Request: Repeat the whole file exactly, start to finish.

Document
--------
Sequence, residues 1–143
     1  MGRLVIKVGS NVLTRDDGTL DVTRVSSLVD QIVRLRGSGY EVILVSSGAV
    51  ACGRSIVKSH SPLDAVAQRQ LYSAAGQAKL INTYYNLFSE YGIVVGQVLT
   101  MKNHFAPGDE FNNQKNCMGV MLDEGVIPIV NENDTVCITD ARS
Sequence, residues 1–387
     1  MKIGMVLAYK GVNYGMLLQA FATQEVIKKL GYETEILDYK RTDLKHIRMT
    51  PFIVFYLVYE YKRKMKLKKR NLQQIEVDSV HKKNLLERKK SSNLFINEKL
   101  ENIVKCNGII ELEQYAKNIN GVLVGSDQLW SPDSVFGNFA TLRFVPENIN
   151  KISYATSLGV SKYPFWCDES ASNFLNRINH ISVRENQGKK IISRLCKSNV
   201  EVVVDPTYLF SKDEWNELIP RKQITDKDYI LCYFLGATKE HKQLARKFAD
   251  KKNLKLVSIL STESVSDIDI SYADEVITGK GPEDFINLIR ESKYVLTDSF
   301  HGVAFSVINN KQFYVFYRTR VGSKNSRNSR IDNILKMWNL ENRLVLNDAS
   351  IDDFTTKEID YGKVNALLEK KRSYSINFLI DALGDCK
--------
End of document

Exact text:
Sequence, residues 1–143
     1  MGRLVIKVGS NVLTRDDGTL DVTRVSSLVD QIVRLRGSGY EVILVSSGAV
    51  ACGRSIVKSH SPLDAVAQRQ LYSAAGQAKL INTYYNLFSE YGIVVGQVLT
   101  MKNHFAPGDE FNNQKNCMGV MLDEGVIPIV NENDTVCITD ARS
Sequence, residues 1–387
     1  MKIGMVLAYK GVNYGMLLQA FATQEVIKKL GYETEILDYK RTDLKHIRMT
    51  PFIVFYLVYE YKRKMKLKKR NLQQIEVDSV HKKNLLERKK SSNLFINEKL
   101  ENIVKCNGII ELEQYAKNIN GVLVGSDQLW SPDSVFGNFA TLRFVPENIN
   151  KISYATSLGV SKYPFWCDES ASNFLNRINH ISVRENQGKK IISRLCKSNV
   201  EVVVDPTYLF SKDEWNELIP RKQITDKDYI LCYFLGATKE HKQLARKFAD
   251  KKNLKLVSIL STESVSDIDI SYADEVITGK GPEDFINLIR ESKYVLTDSF
   301  HGVAFSVINN KQFYVFYRTR VGSKNSRNSR IDNILKMWNL ENRLVLNDAS
   351  IDDFTTKEID YGKVNALLEK KRSYSINFLI DALGDCK